For Immediate Release
14 November 2017
Contact: Jodi Joseph
Director of Communications
A voice from another time
NORTH ADAMS, MASSACHUSETTS — Artist and musician Lonnie Holley recorded his first album in 2012 at age 62 after making home recordings for more than two decades. Holley’s music, like his art, defies classification — haunting vocals, keyboards, and new renditions of songs with every performance. He has collaborated with musicians such as Dirty Projectors, Animal Collective, Bill Callahan, and Bon Iver. Holley’s medium is the moment. On Saturday, December 2, at 8pm, he’s here with a new band, playing new arrangements and new songs: you’ll only hear it once.
Currently featured in the exhibition Thumbs Up For the Mothership, Alabama-born artist Holley has devoted his life to the practice of improvisational creativity since 1979. Born in 1950 as the 7th of 27 children, his art and music came out of struggle, hardship, and, perhaps most importantly, furious curiosity and biological necessity. His art has manifested itself in drawing, painting, sculpture, photography, performance, and sound. Self-taught, he started carving sculptures from discarded sandstone when he was 29, eventually broadening his material to anything and everything, often collected on long rambling walks. These objects, already imbued with cultural and artistic metaphor, combine into narrative pieces that commemorate places, people, and events, often delving into issues of ecology and social justice. His sculptures exist almost as three-dimensional sketches for ideas and stories, influencing the songs he writes.
Similar to the spontaneous nature of his sculptures, Holley’s music is somewhere between — and perhaps beyond — Sun Ra and spoken-word poetry. It has been described by The New York Times as “spacey [and] ethereal,” full of “fragile, anachronistic beauty and…weirdness.” Explaining the origins of this sound, Holley points to the time he spent as a teenager working at a drive-in movie theater: “I got a chance to hear the sound of sci-fi, the mystery sounds…or the sounds of Dracula and Frankenstein and the old Mummy, all those old movies, those are the kinds of sounds that were embedded in my brain” (NPR). After two decades of making home recordings, Holley made his record label debut in 2012 with the aptly titled Just Before Music. The follow-up, Keeping a Record of It (2013), featured guest appearances by Cole Alexander (Black Lips), Lillian Blades, and Bradford Cox (Deerhunter), and was called one of the best records of 2013 by The New York Times.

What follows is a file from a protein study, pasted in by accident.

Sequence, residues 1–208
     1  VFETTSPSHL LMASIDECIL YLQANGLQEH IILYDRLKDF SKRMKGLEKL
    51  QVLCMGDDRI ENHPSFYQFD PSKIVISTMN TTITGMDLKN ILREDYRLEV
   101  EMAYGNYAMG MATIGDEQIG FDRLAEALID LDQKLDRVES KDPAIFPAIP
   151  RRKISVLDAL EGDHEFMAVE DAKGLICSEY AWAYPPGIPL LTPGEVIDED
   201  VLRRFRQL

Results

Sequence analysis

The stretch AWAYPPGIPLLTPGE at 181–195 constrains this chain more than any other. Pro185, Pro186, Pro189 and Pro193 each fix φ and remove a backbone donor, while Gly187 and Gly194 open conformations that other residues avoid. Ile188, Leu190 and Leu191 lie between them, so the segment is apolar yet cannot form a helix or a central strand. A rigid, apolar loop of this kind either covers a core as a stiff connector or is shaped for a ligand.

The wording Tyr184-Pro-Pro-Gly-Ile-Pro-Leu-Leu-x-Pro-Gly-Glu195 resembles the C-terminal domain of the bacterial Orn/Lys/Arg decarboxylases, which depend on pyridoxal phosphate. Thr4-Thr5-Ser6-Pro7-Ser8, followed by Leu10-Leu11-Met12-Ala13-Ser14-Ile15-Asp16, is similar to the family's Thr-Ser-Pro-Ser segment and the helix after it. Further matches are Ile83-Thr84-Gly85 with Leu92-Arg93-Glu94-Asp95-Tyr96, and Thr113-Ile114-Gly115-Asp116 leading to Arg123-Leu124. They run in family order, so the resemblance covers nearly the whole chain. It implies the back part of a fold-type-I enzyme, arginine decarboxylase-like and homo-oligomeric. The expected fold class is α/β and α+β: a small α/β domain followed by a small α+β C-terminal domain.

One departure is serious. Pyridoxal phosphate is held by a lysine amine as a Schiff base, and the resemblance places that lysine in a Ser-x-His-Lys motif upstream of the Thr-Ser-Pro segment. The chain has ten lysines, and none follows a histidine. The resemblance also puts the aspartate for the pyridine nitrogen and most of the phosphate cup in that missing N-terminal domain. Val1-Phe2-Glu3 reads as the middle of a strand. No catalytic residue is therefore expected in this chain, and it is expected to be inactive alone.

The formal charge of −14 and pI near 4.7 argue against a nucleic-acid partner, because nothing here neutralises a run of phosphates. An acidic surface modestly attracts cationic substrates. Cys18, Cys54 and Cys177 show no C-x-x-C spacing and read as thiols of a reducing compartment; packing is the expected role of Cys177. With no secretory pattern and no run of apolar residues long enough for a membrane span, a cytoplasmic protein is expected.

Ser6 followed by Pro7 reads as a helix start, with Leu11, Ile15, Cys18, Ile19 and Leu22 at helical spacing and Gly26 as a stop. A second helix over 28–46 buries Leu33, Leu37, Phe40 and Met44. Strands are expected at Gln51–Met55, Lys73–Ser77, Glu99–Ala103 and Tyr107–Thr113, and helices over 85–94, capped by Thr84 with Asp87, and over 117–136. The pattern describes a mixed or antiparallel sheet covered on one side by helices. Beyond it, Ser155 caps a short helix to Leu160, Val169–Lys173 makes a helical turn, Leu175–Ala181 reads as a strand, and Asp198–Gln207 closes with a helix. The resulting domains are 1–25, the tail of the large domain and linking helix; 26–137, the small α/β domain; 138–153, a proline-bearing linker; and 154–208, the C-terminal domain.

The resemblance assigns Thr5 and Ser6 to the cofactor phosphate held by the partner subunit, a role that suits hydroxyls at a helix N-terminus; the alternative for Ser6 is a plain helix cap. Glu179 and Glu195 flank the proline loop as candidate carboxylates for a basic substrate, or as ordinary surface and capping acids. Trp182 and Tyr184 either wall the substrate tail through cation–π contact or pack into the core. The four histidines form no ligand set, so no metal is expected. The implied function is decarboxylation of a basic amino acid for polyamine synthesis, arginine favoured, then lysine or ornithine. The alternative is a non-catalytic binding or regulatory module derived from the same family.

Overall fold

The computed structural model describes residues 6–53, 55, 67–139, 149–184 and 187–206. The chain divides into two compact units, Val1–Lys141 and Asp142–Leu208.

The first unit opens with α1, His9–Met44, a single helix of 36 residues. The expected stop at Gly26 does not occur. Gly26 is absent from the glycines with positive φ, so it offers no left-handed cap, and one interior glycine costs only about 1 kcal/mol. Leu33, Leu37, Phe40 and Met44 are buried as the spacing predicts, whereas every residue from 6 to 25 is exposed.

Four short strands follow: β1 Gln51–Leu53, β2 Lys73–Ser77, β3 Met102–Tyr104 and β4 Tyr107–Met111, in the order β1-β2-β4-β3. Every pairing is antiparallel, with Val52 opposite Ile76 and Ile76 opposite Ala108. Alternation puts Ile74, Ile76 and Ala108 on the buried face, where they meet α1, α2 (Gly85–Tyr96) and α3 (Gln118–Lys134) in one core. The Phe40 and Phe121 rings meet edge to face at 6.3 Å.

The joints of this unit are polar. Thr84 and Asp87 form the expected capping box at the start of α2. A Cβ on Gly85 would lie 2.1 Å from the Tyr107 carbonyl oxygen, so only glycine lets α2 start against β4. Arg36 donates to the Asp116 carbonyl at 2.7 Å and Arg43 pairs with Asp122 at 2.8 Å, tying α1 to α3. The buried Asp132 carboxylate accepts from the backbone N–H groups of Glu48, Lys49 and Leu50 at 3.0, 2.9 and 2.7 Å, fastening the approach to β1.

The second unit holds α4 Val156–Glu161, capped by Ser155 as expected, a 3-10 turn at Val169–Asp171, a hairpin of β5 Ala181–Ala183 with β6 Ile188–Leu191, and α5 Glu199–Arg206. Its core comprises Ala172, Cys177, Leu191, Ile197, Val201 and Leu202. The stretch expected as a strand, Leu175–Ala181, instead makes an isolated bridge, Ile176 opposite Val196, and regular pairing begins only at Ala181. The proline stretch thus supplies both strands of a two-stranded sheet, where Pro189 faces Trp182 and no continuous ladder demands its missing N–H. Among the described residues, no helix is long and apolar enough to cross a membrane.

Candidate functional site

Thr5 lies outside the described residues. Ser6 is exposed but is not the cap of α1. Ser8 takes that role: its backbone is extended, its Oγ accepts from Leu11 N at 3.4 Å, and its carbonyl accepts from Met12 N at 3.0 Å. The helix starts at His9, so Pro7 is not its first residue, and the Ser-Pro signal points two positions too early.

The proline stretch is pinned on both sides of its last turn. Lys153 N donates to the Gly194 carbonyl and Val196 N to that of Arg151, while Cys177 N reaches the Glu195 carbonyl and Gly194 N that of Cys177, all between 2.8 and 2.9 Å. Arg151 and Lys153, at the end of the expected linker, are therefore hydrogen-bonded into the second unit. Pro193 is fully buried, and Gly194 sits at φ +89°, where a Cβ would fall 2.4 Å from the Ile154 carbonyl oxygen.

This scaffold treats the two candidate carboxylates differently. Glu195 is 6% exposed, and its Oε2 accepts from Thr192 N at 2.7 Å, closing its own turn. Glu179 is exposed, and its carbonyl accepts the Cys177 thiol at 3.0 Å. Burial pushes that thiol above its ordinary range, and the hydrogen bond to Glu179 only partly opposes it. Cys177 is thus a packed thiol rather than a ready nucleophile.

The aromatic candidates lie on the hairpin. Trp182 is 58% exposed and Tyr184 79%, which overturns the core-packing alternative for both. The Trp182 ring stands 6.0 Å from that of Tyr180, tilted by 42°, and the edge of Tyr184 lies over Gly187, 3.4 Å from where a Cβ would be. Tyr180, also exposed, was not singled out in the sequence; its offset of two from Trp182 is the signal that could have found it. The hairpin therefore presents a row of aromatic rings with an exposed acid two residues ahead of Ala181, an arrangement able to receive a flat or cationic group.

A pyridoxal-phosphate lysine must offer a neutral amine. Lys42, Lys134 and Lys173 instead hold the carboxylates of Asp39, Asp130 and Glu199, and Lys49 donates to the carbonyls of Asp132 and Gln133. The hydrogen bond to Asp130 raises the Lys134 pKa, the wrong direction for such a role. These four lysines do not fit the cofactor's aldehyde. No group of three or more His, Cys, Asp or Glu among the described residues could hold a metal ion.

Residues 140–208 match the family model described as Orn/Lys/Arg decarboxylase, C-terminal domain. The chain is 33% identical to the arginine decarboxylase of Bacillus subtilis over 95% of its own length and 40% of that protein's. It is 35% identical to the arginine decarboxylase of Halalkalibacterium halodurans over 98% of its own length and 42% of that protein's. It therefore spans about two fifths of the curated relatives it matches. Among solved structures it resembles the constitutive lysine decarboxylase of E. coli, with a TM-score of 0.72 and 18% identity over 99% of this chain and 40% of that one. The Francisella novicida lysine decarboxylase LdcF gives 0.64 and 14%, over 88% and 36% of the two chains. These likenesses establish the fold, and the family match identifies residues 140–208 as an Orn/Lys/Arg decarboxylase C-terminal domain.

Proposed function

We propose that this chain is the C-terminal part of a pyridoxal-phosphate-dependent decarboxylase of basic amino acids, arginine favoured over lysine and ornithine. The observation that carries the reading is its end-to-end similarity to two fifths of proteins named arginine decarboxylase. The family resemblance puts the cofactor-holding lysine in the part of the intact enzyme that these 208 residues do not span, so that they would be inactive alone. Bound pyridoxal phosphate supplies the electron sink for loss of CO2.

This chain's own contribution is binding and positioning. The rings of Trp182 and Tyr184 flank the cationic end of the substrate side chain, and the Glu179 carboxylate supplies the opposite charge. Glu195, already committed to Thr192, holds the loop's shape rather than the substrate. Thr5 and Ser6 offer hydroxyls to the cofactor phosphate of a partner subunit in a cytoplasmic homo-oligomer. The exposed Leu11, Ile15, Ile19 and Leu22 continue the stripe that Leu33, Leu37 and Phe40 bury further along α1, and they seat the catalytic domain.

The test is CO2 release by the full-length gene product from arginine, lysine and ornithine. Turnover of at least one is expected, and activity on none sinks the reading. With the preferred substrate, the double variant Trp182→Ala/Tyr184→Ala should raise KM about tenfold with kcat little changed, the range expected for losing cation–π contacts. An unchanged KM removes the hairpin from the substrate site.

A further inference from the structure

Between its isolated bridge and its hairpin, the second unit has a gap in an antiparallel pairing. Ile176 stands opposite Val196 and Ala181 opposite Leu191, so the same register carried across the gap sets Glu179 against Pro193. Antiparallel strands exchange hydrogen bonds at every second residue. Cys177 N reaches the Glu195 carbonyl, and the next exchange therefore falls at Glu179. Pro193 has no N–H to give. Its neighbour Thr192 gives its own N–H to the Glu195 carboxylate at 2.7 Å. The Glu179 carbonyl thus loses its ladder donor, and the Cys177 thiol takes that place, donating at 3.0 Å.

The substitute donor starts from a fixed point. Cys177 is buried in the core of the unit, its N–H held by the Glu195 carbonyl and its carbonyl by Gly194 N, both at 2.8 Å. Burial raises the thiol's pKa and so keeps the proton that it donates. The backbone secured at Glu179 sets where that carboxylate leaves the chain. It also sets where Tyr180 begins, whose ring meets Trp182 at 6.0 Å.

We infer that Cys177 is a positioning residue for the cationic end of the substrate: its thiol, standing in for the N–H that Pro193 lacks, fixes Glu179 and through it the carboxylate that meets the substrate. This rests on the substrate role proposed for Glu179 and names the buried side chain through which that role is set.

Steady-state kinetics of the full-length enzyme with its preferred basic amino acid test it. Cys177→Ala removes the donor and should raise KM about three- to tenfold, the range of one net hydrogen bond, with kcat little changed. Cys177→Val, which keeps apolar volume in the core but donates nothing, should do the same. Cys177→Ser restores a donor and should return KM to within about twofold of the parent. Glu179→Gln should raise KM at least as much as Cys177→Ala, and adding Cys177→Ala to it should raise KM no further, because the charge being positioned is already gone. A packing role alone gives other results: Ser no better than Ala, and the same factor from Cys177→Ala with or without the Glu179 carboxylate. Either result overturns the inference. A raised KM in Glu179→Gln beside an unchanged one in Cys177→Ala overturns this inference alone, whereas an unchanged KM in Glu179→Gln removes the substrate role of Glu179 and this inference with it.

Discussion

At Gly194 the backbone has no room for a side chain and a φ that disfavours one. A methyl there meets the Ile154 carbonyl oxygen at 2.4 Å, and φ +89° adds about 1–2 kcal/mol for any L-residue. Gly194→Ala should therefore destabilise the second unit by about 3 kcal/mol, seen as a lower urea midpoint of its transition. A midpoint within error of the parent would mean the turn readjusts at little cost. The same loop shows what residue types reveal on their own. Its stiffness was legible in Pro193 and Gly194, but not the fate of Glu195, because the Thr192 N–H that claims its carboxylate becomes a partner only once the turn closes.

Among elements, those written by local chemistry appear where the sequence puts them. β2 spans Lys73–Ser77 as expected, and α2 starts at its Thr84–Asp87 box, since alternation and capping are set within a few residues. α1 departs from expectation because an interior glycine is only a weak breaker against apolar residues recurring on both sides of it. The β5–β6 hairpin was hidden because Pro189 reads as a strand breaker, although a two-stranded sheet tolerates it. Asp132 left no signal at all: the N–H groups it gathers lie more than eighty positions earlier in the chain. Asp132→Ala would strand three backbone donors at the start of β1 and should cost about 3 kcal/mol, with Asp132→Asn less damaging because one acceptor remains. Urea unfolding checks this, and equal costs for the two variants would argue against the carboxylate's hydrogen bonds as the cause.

Holley’s artwork has been shown at the Whitney Museum of American Art, NY; The Studio Museum of Harlem, NY; and Prospect 2, New Orleans, LA; and is in collections of The Smithsonian Museum of American Art, Washington, DC; The Philadelphia Museum of Art; Museum of Fine Arts, Houston, TX; High Art Museum, Atlanta, GA; and American Museum of Folk Art, NY. Holley lives and works in Atlanta, GA, and is represented by the James Fuentes Gallery, New York.
Lonnie Holley’s otherworldly voice touches down in MASS MoCA’s Club B10 for just one night, on Saturday, December 2, at 8pm. The evening will start with a screening of a short documentary about Holley, The Man is the Music, by filmmaker Maris Curran. Preferred ticket-buyers are invited to a gallery tour with the artist at 3pm. Lickety Split, MASS MoCA’s in-house café, serves up fresh salads, homemade soup, and lip-smacking pub fare. The MASS MoCA bar is always well-stocked with local beer from Bright Ideas Brewing and Berkshire Mountain Distillery spirits. Concert tickets are $10 for students, $12 in advance, $18 day of, and $24 preferred. Tickets for all events are available through the MASS MoCA box office located on Marshall Street in North Adams, open 11am to 5pm every day except Tuesdays. Tickets can also be charged by phone by calling 413.662.2111 x1 during box office hours or purchased online at massmoca.org. All events are held rain or shine.
High-resolution images of MASS MoCA’s fall 2017 events are available through this link.
About MASS MoCA
MASS MoCA is one of the world’s liveliest (and largest) centers for making, displaying, and enjoying today’s most important art, music, dance, theater, film, and video. MASS MoCA nearly doubled its gallery space in spring 2017, with artist partnerships that include Laurie Anderson, the Louise Bourgeois Trust, Jenny Holzer, the Robert Rauschenberg Foundation, and James Turrell.
Gallery admission is $20 for adults, $18 for veterans and seniors, $12 for students, $8 for children 6 to 16, and free for children 5 and under. Members are admitted free year-round. The Hall Art Foundation’s Anselm Kiefer exhibition is seasonal and currently on view through November 26. For additional information, call 413.662.2111 x1 or visit massmoca.org.
11am to 5pm, closed Tuesdays